What college is right for you?By a Student, Lucas
When thinking about their choices for colleges, many students and parents often have a far-too-narrow view. Some only focus on prestige, while others focus just on sports, and others still only look at the academics.
What unfortunately happens then is that students often find themselves unhappy with the school they choose, as they forgot to consider aspects of their school that they did not care about, or forgot about, when deciding where to apply.
To help students ultimately choose a college that is right for them, I've compiled a list of different aspects and qualities that differentiate schools. Hopefully, this list will help people confused on school to narrow down their choices, and to think about a wider range of characteristics that one should consider when looking for a college that they will be happy in.
Many people sometimes underestimate the complexity location adds when attending a school. Going to school far away from home can add a decent amount of money to the cost of attendance. Airfare can be expensive. Additionally, students who get homesick easily or are not ready to be so far from family would probably be wiser to stay closer to home. An easily-homesick student living in California will probably not enjoy going to a school in Boston, for instance. Keep this in mind when selecting a school.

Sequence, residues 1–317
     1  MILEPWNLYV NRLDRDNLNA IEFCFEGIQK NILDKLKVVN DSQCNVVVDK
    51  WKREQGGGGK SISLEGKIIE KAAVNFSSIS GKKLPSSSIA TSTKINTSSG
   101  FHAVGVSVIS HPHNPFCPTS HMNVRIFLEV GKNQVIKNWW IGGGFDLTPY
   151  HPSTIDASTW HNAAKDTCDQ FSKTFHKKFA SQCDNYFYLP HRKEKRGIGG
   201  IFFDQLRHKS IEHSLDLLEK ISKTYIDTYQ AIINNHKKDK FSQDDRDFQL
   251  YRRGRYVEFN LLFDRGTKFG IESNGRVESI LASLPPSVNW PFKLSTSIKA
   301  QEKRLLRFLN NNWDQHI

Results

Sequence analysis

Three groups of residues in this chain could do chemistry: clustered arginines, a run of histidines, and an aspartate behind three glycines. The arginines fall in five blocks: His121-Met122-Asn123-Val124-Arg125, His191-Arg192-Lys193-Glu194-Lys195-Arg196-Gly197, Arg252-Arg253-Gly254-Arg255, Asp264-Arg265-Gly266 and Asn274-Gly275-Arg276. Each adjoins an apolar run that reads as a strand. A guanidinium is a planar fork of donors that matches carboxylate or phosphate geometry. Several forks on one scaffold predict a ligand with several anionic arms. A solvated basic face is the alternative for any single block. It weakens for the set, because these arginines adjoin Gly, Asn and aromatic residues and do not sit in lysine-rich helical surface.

This is hugely important for how happy a student is going to be at a school. Do they want to go to a party school? Then they are not going to be happy at a more strict Christian college. Does a student strongly dislike greek life? They would probably be happier at a less party-focused school. Some students will prefer sports-centric schools, while others might prefer schools that are more academically focused. Students should do some research on each school's social scene to make sure that they will be happy there.
This applies to political affiliations and attitudes to a certain extent as well. Someone who is extremely liberal will probably be miserable at a more conservative school like Liberty or Hillsdale. On the flip side, a hard conservative will most likely be pretty unhappy at an uncommonly liberal school like UC Berkeley. For most schools this will not matter, but keep this in mind depending on the college.
Students may also care about the religious or spiritual life on campus. Although nearly every college will have a Christian club, the overall culture will matter a lot as well. If the campus attitude toward religion is negative, a student seeking a strong religious culture will be very unhappy there. Thus, they would probably prefer to go to a good private Christian school such as Pepperdine or Wheaton. If you are a devout Christian choosing between secular schools, then make sure to do some research to determine each school's friendliness to religion. People of other religions may want to see if a college has a club of their religion before they choose to apply or attend a certain school as well.